It says demand is still high for certain skills such as XML or HTML, and supply low, but to exacerbate the problem there are new technologies emerging all the time. IT staff also need to understand the overall picture, how to design and implement an IT solution, business needs, commercial practices and so on. Employers need to make sure staff are thinking about technological solutions to business requirements, and not just products.

    Any technologies used for e-commerce will be in high demand. Employers need to keep one eye on the future so that they can anticipate which skills they need as soon as possible. Every company, from blue chip organisations to Internet start-ups, need to be pushing ahead in e-commerce to stay in the market, so they need the right skills on board.

    The situation today is, of course, a little different from last year. This time last year, dotcoms were still all the rage. Now that this bubble has burst, the industry has become much more serious. With that seriousness has come an increase in corporate structures at some dotcoms, such as management tiers and training procedures.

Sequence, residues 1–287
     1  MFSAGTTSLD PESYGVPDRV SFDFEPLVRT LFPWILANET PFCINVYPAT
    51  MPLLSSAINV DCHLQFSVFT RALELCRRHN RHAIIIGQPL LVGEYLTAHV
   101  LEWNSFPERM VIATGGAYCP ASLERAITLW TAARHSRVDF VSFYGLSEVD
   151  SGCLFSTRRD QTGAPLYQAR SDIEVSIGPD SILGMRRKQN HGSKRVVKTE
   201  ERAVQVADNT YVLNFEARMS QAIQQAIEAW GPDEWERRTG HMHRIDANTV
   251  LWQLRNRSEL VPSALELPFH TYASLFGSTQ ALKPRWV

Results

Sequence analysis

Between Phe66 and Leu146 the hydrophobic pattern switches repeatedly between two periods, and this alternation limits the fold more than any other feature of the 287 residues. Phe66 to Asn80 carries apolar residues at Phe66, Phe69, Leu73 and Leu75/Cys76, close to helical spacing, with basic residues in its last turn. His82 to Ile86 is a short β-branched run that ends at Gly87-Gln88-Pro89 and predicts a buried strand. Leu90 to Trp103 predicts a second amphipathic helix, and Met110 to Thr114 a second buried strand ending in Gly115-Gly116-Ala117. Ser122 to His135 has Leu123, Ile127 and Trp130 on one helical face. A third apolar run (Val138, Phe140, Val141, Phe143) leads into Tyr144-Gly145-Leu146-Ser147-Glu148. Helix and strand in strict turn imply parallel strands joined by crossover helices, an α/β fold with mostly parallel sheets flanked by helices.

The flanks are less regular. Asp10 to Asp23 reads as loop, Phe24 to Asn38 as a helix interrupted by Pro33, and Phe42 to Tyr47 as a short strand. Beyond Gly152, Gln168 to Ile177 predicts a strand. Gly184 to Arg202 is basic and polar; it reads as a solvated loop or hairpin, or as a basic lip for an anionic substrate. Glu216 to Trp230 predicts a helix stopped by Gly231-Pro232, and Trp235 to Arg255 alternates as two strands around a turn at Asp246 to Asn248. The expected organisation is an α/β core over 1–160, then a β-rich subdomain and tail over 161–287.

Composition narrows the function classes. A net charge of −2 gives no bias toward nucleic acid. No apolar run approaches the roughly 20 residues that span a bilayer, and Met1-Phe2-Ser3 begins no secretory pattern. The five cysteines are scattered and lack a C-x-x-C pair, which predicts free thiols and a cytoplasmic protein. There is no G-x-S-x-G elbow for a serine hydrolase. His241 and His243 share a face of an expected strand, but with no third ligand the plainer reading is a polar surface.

Software: Eric Doyle

    Operating systems will be at the forefront of IT managers' minds over the coming year. Whether the aim is forging an e-business strategy, improving reliability or speeding up transaction processing, the key issue will be the selection of a suitable platform.

    Microsoft .net and Oracle 9i will feature strongly in e-business strategy. Both companies are trying to quicken uptake of their respective products and strategies but they have a lot of spade work still to do if they are going to bury fears of an expensive lock-in. Though the key phrase of the year will be business agility, users need assurances that they can leap from platform to platform if their initial choice fails to deliver the expected benefits. Possibly to this end, there was a top-level meeting between Steve Ballmer, Microsoft's president and CEO, and Larry Ellison, Oracle's chairman and CEO, towards the end of last year. If the customer's suspicion that the definition of agility is swinging from bar to bar in the jungle gym of a supplier's framework is not dispelled, sales will suffer as the larger corporates embark on extended periods of testing and comparisons.

    Another stopper, especially on the .net front, is the arrival of 64-bit Itanium processors from Intel. Supplies are currently being ramped up to meet expected demands but this may not reach capacity until Microsoft delivers its Whistler 64-bit operating system. In the transaction processing arena, the new chips promise faster, or at least cheaper, throughput but 64-bit chips have been available for several years in the Unix world and it is Windows compatibility that Intel is pinning its hopes on for reaching a wider market. The big question, apart from a delivery date, is whether Whistler will be reliable enough and what effect its introduction may have on the rest of the .net products. The result may be that some companies may decide to continue with their current strategies until Whistler has been fully tested and only then will they move towards .net.